In the fading light of high school shop classes, people often were shown the ways of woodworking, light metalwork, and maybe how to fix a car or two. Filling a business with a smorgasbord of advanced machinery and teaching people how to use it, was, and still is, a relatively new concept. TechShop had a dream and made it real with the dedication of hardworking support staff and instructors around the country. Continue reading “Goodbye, TechShop”

Is Intel’s Management Engine Broken Yet?

Our own [Brian Benchoff] asked this same question just six months ago in a similar headline. At that time, the answer was no. Or kind of no. Some exploits existed but with some preconditions that limited the impact of the bugs found in Intel Management Engine (IME). But 2017 is an unforgiving year for the blue teams, as lot of serious bugs have been found throughout the year in virtually every fields of computing. Researchers from Positive Technologies report that they found a flaw that allows them to execute unsigned code on computers running the IME. The cherry on top of the cake is that they are able to do it via a USB port acting as a JTAG port. Does this mean the zombie apocalypse is coming?

Before the Skylake CPU line, released in 2015, the JTAG interface was only accessible by connecting a special device to the ITP-XDP port found on the motherboard, inside a computer’s chassis. Starting with the Skylake CPU, Intel replaced the ITP-XDP interface and allowed developers and engineers to access the debugging utility via common USB 3.0 ports, accessible from the device’s exterior, through a new a new technology called Direct Connect Interface (DCI). Basically the DCI provides access to CPU/PCH JTAG via USB 3.0. So the researchers manage to debug the IME processor itself via USB DCI, which is pretty awesome, but USB DCI is turned off by default, like one of the researchers states, which is pretty good news for the ordinary user. So don’t worry too much just yet.

Continue reading “Is Intel’s Management Engine Broken Yet?”

Cheap Flamethrower Is Predictably Worrying

We’d never criticize somebody for coming up with a creative way to save a few bucks. In truth, pickings would be pretty slim around here if we deleted every project or hack where cost savings was a prime motivator. That being said, there’s still some things you should probably spend a few extra dollars on. You know, the essential things in life that you need to know will be safe and reliable, like your car and…your flamethrower.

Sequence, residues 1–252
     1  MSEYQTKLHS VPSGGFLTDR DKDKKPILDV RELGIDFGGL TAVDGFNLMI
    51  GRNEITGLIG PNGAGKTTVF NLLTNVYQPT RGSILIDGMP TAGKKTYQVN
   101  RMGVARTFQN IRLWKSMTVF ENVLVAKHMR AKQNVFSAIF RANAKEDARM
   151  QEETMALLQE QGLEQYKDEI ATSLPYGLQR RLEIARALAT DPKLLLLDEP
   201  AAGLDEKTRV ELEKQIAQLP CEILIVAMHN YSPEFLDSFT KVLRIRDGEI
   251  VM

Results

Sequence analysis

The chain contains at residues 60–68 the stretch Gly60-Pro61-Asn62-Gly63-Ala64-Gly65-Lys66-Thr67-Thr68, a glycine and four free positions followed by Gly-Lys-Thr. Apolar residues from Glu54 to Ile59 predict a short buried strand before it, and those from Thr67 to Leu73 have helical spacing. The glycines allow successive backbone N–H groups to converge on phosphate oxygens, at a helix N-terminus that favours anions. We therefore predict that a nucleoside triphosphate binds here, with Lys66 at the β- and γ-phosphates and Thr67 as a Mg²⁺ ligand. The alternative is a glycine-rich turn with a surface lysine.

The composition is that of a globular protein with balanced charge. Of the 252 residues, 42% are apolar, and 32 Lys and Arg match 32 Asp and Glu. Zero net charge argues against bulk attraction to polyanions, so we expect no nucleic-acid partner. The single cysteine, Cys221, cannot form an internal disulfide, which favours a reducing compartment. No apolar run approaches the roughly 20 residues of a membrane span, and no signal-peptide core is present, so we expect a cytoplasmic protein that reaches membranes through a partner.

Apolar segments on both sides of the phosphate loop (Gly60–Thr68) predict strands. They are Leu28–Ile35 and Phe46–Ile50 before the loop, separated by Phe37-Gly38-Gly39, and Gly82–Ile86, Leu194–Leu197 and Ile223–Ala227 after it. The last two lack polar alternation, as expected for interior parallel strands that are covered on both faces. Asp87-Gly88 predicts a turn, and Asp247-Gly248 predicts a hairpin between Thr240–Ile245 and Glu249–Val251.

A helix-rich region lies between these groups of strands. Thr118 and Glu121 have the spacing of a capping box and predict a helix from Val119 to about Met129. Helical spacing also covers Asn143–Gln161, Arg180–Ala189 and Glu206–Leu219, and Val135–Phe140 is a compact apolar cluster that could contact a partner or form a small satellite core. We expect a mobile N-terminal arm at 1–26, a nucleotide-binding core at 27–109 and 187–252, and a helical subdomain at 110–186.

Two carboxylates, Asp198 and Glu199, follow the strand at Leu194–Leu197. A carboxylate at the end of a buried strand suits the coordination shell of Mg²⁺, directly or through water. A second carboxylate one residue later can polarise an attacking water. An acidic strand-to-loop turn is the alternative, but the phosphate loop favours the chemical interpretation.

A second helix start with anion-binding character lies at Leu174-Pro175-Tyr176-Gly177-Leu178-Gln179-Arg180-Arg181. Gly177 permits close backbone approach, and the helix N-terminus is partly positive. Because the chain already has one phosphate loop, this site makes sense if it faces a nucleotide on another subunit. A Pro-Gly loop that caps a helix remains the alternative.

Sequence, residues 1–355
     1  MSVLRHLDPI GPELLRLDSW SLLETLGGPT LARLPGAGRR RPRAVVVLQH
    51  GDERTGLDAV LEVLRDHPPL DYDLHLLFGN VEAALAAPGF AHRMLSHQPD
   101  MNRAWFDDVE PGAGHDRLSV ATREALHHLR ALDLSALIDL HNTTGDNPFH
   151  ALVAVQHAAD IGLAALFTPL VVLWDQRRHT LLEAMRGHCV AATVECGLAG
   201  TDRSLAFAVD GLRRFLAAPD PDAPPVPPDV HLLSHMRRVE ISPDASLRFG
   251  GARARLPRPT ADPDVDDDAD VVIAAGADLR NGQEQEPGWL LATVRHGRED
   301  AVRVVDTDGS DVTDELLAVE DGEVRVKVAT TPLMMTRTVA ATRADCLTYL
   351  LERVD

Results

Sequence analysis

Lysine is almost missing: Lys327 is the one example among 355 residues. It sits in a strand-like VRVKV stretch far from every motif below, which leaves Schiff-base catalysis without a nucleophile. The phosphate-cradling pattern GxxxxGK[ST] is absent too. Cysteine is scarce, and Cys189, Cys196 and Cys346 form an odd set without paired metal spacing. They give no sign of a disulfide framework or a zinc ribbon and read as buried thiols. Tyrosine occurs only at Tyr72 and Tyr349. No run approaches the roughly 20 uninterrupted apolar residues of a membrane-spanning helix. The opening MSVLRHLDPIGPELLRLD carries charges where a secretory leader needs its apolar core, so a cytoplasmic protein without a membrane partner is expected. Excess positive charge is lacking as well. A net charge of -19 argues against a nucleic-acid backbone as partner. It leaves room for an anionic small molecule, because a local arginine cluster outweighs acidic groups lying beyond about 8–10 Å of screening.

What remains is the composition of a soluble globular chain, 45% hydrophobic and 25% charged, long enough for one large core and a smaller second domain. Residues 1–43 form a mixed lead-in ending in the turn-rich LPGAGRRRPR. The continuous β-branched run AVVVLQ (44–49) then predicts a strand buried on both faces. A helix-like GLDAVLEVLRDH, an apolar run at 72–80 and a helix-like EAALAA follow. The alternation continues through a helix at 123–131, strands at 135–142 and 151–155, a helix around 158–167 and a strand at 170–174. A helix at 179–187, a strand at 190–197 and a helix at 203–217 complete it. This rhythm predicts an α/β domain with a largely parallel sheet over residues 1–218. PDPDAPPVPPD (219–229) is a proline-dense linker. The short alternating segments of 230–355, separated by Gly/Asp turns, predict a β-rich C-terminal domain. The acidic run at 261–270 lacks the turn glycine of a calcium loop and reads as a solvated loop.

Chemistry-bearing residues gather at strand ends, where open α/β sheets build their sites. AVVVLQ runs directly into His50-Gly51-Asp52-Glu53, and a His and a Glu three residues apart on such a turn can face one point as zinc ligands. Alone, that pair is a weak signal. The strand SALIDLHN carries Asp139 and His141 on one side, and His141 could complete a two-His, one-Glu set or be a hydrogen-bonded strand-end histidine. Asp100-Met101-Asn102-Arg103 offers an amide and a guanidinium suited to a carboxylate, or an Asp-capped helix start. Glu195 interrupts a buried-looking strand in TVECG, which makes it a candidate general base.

While we don’t have any information about what kind of car [Steve Hernandez] is driving, but over on, he’s posted some info about his 3D printed wrist-mounted flamethrower. The final result does look pretty impressive, but given the subject matter and the lack of any safety gear, we would firmly plant it in the “Don’t try this at home” category.

At the heart of this flamethrower is a solenoid valve recovered from a Glade air freshener. Rather than spraying out the smell of lilacs, this valve has found a new purpose in life by squirting out butane from a pressurized can. The butane is then ignited by a spark gap made up two nails connected to a 300 kV boost coil.

[Steve] designed the frame of this creation in OpenSCAD, and printed it out in a single piece. It holds the butane can and solenoid in position, as well as keeping the nails in the proper orientation for the spark gap to function. Admittedly the head of his printed flamethrower does look very cool, but if there was ever a situation where you should be suspect of the heat tolerance of 3D printed plastic, a flamethrower is probably it.

What’s noticeably lacking of course is any method to keep the flame from potentially traveling back up through the valve and into the butane can. The high-speed flow coming out of the nozzle is probably enough to keep that from happening, but we still wouldn’t feel comfortable strapping his device to our wrist as-is.

You may be surprised to find that wrist-mounted flamethrowers are a relatively popular project here at Hackaday. We’ve covered quite a few over the years, but still aren’t convinced this is something we personally need to add to our collection of gear.